Monday, May 2, 2016

April 2016 Reads


Let's pretend my absence the last week didn't happen. I might have been binge-watching season 5 of Game of Thrones and was a little too pre-occupied. {grin} I have a million pictures worth sharing, but a certain 6 year-old {who is dangerously too close to 7} has my phone listening to a book snuggled in my bed, so I thought we'd do my April reads!


Let's get the embarrassing out of the way. I read A Shade of Vampire and A Shade of Blood because one of the girls in our book club said she read 7 books in the series {of 25 books!} in less than a week. She said they were dumb, but she couldn't stop reading them. I am a sucker for YA and series and loved Twilight. Guys, these are TERRIBLE. The first one ended with a cliffhanger so I got the second one. By the end of it, I didn't care. Terribly written, stupid plots. They all have high ratings on Amazon which proves people are idiots.


The Nightingale by Kristin Hannah - This could easily end up as the best book I read of 2016. So glad I had it to counteract the brain cells I lost while reading those stupid vampire books. Set in France in WW2, this tells the story of 2 sisters who are just trying to survive the war yet manage to be heroes. Maybe it's just me, but I feel like this is what I learned about World War II in school: Europe got into another war with itself because of Germany. Hitler was horrible and wanted to take over Europe and kill all people not like what he considered to be perfect. America wanted to stay out of it because of The Great Depression. Then Japan bombed us at Pearl Harbor, and we got involved. We kicked butt, saved Europe from the Nazis, got ourselves out of The Great Depression, and became THE Super Power.' I have read several books in the last handful of years that give a European perspective on WW2, and it has been so fascinating. I have several books on reserve at the library for similar type books. LOVE LOVE LOVE!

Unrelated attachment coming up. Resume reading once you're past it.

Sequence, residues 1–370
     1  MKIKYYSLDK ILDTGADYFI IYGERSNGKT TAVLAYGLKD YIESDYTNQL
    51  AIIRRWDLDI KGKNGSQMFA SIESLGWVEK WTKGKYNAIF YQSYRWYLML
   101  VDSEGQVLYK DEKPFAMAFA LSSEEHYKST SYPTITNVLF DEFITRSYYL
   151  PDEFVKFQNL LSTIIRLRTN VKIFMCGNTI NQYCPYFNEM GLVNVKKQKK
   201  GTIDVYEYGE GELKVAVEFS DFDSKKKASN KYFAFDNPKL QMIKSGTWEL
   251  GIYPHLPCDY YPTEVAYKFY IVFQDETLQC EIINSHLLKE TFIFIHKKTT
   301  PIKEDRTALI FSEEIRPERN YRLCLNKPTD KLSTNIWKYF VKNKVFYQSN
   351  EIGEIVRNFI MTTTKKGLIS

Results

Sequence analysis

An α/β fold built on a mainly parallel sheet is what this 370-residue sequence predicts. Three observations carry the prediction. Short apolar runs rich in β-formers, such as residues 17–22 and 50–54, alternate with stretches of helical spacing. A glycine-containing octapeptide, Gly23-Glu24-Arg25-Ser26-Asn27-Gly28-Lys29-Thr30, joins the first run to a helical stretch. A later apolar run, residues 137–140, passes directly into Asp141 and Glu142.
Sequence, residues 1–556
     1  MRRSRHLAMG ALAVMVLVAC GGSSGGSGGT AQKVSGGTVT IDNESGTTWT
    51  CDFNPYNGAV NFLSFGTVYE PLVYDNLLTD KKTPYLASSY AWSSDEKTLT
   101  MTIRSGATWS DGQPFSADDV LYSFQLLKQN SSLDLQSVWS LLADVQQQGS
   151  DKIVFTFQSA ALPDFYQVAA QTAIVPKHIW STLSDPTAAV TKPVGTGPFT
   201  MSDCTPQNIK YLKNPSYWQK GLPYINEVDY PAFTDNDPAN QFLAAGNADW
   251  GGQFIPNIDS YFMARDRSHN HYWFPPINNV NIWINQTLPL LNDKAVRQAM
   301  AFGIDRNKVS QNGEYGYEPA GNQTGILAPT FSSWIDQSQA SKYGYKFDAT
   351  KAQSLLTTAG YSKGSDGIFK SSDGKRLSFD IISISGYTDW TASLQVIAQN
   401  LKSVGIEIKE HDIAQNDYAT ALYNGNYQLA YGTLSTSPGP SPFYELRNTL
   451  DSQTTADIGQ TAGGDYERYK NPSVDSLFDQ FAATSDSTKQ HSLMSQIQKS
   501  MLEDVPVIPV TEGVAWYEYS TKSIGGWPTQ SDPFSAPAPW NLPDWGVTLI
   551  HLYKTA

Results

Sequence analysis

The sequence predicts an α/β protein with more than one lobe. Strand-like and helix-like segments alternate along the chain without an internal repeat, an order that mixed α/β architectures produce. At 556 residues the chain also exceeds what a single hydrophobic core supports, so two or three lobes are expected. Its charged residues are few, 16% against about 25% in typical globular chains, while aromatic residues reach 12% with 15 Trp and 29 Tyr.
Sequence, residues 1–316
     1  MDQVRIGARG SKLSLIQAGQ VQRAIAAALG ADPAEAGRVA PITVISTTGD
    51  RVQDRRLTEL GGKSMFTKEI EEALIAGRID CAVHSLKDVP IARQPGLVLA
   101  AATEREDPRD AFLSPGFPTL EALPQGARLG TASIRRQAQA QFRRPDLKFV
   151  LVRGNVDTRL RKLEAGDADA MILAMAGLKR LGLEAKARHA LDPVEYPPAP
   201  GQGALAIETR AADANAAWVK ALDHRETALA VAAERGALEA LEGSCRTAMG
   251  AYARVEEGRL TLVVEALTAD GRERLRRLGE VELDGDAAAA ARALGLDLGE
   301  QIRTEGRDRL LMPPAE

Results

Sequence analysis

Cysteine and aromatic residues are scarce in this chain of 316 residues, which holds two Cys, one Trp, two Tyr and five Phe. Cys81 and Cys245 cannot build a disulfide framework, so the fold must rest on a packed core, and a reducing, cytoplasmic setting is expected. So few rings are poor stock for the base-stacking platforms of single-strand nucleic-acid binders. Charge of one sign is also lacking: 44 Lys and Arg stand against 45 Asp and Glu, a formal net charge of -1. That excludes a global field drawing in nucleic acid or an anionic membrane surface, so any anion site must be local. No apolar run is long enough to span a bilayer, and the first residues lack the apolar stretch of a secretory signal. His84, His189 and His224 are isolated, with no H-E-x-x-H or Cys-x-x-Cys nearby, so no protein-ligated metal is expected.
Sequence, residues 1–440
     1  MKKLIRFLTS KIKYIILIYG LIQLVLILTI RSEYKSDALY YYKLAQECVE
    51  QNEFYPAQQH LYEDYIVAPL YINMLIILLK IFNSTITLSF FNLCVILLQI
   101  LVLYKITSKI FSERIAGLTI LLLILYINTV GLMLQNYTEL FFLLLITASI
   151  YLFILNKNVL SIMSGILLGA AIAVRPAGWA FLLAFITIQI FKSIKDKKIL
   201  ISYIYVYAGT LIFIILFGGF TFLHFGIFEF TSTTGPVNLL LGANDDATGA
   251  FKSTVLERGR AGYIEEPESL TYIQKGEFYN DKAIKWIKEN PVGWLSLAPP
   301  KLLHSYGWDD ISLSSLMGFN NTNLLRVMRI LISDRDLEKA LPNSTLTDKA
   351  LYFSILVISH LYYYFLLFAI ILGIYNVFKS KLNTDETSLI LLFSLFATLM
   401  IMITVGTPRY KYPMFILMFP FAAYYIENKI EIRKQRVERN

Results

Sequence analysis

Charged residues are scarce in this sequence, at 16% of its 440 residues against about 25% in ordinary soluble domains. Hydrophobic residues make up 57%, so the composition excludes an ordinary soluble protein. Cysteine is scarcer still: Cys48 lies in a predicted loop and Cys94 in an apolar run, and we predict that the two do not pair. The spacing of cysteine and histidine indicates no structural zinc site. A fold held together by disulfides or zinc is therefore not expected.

Damaged by Cathy Glass - This was a true story written by a foster mother of the toughest child she had as a foster child. This story broke my heart at the travesties this young girl endured with her biological parents and the system that failed her. It was also a story of hope of how people can come together and make a difference. Cathy has written several other books that I can't wait to read.

The Handmaid's Tale by Margaret Atwood - One of the first Dystopian novels {written in 1985} about the U.S. after being taken over by religious zealots who interpret the Bible literally. It was an interesting read, but I found it tedious at times and felt it could have been so much more. This was our book club book for April, and we definitely had great discussion after reading, but it wasn't my favorite.

Any good reads worth sharing?

3 comments:

Anonymous said...

Have The Nightingale on hold at the library. Needless to say, I will NOT be reading those vampire books. Even if I am currently reading Abraham Lincoln, Vampire Hunter! - AP

Karen Peterson said...

I started AND finished a book in April! I'm so proud of myself!

I really want to read Damaged, but I'm scared to because it looks like it'll be a really difficult one. The Nightingale sounds interesting, so I'll add that to my list. And The Handmaid's Tale has been on my list for a really long time, and now that they are turning it into a movie, I'll probably finally bump it up.

Kathryn Bagley said...

Damaged seems interesting especially since I work in the juvenile system with a lot of these idiot parents so it might be nice to see a great ending to such stupidity!